Google Sheets Macros

Google Sheets lets you record macros that duplicate a specific series of UI interactions that you define. Once you've recorded a macro, you can link it to a keyboard shortcut in the form Ctrl+Alt+Shift+Number. You can use that shortcut to quickly execute the exact macro steps again, typically in a different place or on different data. You can also activate the macro from the Google Sheets Extensions > Macros menu.

When you record a macro, Google Sheets automatically creates an Apps Script function (the macro function) that replicates the macro steps. The macro function is added to an Apps Script project bound to the sheet, in a file titled In the event that there is already a project file bound to the sheet with that name, the macro function is appended to it. Google Sheets also automatically updates the script project manifest, recording the name and keyboard shortcut assigned to the macro.

Since every recorded macro is defined entirely within Apps Script, you can edit them directly within the Apps Script editor. You can even write macros from scratch in Apps Script, or take functions you've already written and turn them into macros.

Creating macros in Apps Script

You can take functions written in Apps Script and use them as macro functions. The easiest way to do this is by importing an existing function from the Google Sheets editor.

Alternatively, you can create macros within the Apps Script editor by following these steps:

  1. In the Google Sheets UI, select Extensions > Apps Script to open the script bound to the sheet in the Apps Script editor.
  2. Write the macro function. Macro functions should take no arguments and return no values.
  3. Edit your script manifest to create the macro and link it to the macro function. Assign it a unique keyboard shortcut and name.
  4. Save the script project. The macro is then available for use in the sheet.
  5. Test the macro function in the sheet to verify that functions as intended.

Editing macros

You can edit macros attached to a sheet by doing the following:

  1. In the Google Sheets UI, select Extensions > Macros > Manage macros.
  2. Find the macro you want to edit and select > Edit macro. This opens the Apps Script editor to the project file containing the macro function.
  3. Edit the macro function to change the macro behavior.
  4. Save the script project. The macro is then available for use in the sheet.
  5. Test the macro function in the sheet to verify that functions as intended.

Importing functions as macros

If there is already a script bound to a sheet, you can import a function in the script as a new macro and then assign it a keyboard shortcut. You can do this by editing the manifest file and adding another element to the sheets.macros[] property.

Alternatively, follow these steps to import a function as a macro from the Sheets UI:

  1. In the Google Sheets UI, select Extensions > Macros > Import.
  2. Select a function from the list presented and then click Add function.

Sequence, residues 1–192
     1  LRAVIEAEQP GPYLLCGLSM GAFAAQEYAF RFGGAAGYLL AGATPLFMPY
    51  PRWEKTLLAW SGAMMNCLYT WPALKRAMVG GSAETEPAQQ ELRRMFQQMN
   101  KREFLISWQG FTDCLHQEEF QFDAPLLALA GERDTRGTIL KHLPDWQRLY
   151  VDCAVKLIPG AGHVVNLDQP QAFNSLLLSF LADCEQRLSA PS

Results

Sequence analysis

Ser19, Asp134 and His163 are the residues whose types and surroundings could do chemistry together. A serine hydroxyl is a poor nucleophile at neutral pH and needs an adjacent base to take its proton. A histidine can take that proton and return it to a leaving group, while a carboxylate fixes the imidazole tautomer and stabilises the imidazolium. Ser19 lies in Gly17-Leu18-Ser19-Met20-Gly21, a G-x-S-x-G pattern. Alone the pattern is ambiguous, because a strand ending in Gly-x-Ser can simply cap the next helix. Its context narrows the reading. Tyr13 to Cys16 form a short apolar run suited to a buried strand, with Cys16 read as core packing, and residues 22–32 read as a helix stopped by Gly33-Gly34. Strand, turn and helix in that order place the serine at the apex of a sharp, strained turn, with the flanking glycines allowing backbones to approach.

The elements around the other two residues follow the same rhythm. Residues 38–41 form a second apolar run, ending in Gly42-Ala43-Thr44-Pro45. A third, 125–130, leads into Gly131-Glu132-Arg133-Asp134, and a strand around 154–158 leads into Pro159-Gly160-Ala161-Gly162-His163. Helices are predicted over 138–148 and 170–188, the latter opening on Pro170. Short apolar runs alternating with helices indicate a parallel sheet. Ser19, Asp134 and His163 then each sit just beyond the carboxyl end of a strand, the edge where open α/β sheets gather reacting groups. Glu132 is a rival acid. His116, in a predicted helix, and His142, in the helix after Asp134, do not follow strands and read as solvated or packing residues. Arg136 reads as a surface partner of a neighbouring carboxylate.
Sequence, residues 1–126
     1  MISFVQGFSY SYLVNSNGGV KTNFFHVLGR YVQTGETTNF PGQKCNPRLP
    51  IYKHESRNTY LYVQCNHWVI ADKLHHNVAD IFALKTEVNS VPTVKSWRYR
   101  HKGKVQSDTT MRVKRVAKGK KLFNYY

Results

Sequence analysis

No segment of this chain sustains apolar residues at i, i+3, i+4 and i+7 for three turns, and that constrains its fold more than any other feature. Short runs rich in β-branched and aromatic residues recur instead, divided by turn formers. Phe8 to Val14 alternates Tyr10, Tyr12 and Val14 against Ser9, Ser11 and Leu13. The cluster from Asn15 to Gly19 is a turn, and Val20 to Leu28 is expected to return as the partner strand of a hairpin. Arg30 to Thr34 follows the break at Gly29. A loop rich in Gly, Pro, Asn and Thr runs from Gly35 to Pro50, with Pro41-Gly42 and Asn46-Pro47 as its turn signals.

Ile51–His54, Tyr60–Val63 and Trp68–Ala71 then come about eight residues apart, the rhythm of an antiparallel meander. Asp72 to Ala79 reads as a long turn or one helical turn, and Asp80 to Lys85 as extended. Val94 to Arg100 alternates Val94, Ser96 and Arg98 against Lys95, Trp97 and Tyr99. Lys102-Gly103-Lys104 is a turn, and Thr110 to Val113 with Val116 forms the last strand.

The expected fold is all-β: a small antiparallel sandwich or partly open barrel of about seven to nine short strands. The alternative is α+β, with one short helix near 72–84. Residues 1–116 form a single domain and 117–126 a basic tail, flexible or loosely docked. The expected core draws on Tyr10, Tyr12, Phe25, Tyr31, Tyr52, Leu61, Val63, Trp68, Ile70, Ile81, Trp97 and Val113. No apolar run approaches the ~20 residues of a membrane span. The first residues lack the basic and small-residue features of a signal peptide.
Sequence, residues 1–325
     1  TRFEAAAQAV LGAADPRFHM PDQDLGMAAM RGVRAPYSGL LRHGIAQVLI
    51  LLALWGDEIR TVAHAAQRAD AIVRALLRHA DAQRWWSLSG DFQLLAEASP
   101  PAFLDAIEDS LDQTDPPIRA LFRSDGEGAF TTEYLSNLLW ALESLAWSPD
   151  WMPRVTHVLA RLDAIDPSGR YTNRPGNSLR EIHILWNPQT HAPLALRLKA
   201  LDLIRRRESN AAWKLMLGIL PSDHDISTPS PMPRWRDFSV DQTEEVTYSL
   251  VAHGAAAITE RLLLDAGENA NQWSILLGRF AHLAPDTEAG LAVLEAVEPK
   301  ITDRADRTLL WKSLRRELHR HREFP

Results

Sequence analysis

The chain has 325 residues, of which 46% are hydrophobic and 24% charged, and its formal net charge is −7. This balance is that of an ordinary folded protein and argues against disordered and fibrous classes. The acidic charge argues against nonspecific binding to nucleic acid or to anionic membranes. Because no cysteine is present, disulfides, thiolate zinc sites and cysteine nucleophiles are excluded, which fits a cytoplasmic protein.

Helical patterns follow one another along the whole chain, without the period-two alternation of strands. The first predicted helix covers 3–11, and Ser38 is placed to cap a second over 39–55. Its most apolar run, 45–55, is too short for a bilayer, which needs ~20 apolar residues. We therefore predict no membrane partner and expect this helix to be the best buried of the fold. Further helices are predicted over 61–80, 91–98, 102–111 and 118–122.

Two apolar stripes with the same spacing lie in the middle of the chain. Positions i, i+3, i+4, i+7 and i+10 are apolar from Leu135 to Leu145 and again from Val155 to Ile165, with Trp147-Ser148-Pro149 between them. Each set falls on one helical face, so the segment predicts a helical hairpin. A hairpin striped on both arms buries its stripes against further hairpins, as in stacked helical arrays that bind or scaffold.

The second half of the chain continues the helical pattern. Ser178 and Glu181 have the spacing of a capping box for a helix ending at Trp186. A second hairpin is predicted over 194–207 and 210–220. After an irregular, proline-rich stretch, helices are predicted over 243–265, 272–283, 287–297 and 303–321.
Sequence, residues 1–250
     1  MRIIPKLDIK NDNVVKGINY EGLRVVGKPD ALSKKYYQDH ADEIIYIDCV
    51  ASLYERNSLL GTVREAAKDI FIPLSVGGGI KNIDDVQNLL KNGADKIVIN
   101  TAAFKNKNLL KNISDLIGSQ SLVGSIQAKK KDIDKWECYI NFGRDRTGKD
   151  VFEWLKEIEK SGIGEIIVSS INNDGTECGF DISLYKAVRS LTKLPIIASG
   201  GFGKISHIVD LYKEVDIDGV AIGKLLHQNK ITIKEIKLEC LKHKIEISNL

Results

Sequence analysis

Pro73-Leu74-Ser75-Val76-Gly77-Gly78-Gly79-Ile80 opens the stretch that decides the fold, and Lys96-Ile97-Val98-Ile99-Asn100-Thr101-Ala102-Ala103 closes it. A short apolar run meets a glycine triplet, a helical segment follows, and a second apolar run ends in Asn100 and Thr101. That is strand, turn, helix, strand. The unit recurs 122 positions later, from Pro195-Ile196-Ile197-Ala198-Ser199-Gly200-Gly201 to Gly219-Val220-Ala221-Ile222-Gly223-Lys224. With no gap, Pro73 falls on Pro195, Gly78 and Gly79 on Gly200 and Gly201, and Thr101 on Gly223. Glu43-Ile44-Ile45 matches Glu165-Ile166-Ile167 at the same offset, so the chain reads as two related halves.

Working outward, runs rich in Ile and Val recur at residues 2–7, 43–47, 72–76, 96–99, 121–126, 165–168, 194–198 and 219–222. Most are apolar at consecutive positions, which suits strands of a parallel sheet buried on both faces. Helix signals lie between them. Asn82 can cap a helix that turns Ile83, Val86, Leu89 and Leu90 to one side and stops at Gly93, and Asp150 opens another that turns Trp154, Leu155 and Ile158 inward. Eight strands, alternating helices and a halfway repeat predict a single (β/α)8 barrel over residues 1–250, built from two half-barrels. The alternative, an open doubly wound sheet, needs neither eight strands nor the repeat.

3. Select to close the dialog.
  4. Select Extensions > Macros > Manage macros.
  5. Locate the function you just imported in the list. Assign a unique keyboard shortcut to the macro. You can also change the macro name here; the name defaults to the name of the function.
  6. Click Update to save the macro configuration.

Manifest structure for macros

The following manifest file example snippet shows the section of a manifest that defines Google Sheets macros. The sheets section of the manifest defines the name and keyboard shortcut assigned to the macro and the name of the macro function.

    "sheets": {
      "macros": [{
        "menuName": "QuickRowSum",
        "functionName": "calculateRowSum",
        "defaultShortcut": "Ctrl+Alt+Shift+1"
      }, {
        "menuName": "Headerfy",
        "functionName": "updateToHeaderStyle",
        "defaultShortcut": "Ctrl+Alt+Shift+2"

See the Sheets macro manifest resource for more details on how Sheets macro manifests are constructed.

Best practices

When creating or managing macros in Apps Script, it is recommended that you adhere to the following guidelines.

  1. Macros are more performant when they are light-weight. Where possible, limit the number of actions a macro takes.
  2. Macros are best suited for rote operations that need to be repeated frequently with little or no configuration. For other operations, consider using a custom menu item instead.
  3. Always remember that macro keyboard shortcuts must be unique, and a given sheet can only have ten macros with shortcuts at any one time. Any additional macros can only be executed from the Extensions > Macros menu.
  4. Macros that make changes to a single cell can be applied to a range of cells by first selecting the full range and then activating the macro. This means it is often unnecessary to create macros that duplicate the same operation across a predefined range of cells.

Things you can't do

There are a few restrictions on what you can do with macros:

Use macros outside bound scripts

Macros are defined in scripts bound to specific Google Sheets. Macro definitions are ignored if defined in a standalone script or web app.

Define macros in Sheets add-ons

You cannot distribute macro definitions using a Sheets add-on. Any macro definitions in a Sheets add-on project are ignored by users of that add-on.

Distribute macros in script libraries

You cannot distribute macro definitions using Apps Script libraries.

Use macros outside of Google Sheets

Macros are only a feature in Google Sheets, and do not exist for Google Docs, Forms, or Slides.